"Buenos dias", "buenas noches" -- this was the first words in a foreign language I heard in my life, as a three-year old boy growing up in developing post-war Western Germany, where the first gastarbeiters had arrived from Spain. Fascinated by the strange sounds, I tried to get to know some more languages, the only opportunity being TV courses of English and French -- there was no foreign language education for pre-teen school children in Germany yet in those days. Read more
To find some answers Tim Machan explores the language's present and past, and looks ahead to its futures among the one and a half billion people who speak it. His search is fascinating and important, for definitions of English have influenced education and law in many countries and helped shape the identities of those who live in them.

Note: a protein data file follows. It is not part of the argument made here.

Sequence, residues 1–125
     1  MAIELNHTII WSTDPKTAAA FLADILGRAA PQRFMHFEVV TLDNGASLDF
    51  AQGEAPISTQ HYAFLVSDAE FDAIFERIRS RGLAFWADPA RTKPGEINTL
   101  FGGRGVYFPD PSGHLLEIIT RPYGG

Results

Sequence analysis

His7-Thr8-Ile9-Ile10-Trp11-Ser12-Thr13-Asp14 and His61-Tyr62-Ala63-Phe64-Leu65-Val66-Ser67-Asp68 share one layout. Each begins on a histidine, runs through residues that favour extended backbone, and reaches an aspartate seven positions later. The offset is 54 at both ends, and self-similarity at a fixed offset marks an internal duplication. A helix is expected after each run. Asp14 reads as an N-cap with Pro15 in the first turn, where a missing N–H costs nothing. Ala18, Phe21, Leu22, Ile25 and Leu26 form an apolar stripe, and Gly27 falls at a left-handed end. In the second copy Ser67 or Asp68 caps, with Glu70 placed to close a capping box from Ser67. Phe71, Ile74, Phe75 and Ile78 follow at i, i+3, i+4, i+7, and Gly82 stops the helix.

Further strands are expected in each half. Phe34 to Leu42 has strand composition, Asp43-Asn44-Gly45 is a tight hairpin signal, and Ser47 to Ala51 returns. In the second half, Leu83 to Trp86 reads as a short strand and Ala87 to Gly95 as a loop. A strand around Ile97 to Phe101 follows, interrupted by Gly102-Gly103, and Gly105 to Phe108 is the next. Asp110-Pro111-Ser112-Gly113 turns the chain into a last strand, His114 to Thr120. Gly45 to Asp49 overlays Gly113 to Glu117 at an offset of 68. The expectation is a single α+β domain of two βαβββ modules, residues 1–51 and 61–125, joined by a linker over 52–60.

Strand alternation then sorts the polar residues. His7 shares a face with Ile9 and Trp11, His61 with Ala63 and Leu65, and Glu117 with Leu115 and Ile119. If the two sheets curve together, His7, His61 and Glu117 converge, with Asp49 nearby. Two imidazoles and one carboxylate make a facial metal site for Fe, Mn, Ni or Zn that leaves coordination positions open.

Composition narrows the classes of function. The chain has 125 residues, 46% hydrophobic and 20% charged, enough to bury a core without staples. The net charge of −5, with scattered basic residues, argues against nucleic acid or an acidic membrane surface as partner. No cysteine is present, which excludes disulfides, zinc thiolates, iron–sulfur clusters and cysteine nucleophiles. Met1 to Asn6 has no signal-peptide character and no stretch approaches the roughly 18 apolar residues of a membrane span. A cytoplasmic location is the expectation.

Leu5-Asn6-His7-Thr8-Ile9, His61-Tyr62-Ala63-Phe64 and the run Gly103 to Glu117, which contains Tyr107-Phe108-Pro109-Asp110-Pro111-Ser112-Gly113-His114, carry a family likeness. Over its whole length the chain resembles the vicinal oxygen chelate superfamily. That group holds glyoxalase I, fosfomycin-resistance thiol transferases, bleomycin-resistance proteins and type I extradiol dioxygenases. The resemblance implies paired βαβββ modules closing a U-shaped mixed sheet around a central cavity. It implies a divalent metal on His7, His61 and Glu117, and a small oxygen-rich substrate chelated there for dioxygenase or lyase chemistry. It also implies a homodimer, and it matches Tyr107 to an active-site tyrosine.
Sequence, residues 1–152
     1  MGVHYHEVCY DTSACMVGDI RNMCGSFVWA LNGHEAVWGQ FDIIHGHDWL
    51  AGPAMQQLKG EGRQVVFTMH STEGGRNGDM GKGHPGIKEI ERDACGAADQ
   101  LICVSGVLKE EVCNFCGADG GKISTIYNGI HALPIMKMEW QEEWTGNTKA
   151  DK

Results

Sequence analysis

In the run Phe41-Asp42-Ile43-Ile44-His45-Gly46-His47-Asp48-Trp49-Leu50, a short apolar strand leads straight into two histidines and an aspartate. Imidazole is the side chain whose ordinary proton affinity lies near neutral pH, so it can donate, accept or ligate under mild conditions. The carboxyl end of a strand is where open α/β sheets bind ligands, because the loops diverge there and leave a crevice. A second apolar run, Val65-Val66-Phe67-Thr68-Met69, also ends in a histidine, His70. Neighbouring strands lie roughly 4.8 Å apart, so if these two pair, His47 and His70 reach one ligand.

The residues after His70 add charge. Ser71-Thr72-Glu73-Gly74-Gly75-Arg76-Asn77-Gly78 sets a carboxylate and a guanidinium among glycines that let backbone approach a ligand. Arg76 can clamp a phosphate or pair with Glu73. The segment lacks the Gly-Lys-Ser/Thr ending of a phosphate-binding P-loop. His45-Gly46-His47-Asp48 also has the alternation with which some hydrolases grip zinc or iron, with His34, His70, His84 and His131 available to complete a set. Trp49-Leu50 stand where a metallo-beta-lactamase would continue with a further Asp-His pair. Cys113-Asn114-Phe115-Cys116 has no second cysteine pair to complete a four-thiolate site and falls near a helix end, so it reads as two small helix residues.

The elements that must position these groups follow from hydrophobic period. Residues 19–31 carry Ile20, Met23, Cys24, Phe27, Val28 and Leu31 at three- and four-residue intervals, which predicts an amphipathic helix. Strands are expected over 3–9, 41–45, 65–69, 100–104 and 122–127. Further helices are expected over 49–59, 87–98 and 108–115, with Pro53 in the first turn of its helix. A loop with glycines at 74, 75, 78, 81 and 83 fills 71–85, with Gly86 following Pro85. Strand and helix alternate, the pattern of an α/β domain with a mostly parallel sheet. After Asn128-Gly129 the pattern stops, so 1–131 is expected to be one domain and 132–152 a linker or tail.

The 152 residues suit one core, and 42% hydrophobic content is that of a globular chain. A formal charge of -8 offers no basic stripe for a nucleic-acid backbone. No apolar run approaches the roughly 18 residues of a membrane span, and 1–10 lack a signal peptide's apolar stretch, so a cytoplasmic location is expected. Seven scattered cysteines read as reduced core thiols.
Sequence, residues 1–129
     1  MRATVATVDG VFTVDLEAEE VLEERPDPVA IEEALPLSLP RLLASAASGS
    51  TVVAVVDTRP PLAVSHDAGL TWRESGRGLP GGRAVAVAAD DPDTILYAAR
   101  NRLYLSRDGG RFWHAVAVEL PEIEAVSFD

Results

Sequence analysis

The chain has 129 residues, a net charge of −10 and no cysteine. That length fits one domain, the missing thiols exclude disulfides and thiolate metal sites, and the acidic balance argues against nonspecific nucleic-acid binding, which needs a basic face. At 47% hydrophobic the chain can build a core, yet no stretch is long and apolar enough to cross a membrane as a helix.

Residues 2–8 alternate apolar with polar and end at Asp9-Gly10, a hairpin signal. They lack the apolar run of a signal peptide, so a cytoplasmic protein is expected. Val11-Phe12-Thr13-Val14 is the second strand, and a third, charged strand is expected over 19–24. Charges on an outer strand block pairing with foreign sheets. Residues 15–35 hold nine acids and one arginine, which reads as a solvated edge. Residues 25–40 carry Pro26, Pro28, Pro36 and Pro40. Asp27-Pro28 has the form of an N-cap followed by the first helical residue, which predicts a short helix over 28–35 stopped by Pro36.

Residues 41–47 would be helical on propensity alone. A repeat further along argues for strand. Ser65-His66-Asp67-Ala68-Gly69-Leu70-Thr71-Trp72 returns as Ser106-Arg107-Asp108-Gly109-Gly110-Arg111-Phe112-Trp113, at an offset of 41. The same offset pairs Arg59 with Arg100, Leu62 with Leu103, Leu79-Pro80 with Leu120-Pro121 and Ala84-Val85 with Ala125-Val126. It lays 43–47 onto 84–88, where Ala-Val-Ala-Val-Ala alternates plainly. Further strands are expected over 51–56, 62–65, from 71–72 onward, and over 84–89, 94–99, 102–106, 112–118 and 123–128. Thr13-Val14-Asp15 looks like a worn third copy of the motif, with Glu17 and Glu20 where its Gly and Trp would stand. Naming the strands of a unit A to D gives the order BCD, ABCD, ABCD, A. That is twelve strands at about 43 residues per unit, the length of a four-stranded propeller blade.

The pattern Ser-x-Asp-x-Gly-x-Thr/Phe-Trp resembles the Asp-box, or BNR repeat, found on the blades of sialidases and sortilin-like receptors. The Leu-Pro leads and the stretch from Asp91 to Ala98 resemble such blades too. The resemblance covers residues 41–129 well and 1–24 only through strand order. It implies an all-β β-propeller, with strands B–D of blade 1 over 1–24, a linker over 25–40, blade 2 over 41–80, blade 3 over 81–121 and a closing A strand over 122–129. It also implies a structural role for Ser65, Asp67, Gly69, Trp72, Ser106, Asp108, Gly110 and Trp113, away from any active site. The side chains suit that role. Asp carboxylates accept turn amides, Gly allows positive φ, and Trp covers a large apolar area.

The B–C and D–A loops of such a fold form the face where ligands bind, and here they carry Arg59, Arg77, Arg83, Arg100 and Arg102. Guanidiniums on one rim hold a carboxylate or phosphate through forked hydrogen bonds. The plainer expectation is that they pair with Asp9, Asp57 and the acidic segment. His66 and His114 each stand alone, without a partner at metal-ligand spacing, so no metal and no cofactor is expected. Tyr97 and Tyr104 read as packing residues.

This volume provides a new perspective on the evolution of the special language of medicine, based on the electronic corpus of Early Modern English Medical Texts, containing over two million words of medical writing from 1500 to 1700.
For believers in the power of English, language as aid can deliver the
promise of a brighter future; but in a neocolonial world of international
development, a gulf exists between belief and reality. Rich with echoes of
an earlier colonial era, this book draws on the candid narratives of white
women teachers, and situates classroom practices within a broad reading of
the West and the Rest. What happens when white Western men and women come
in to rebuild former colonies in Asia? How do English language lessons
translate, or disintegrate, in a radically different world? How is English
teaching linked to ideas of progress? This book presents the paradoxes of
language aid in the twenty-first century in a way that will challenge your
views of English and its power to improve the lives of people in the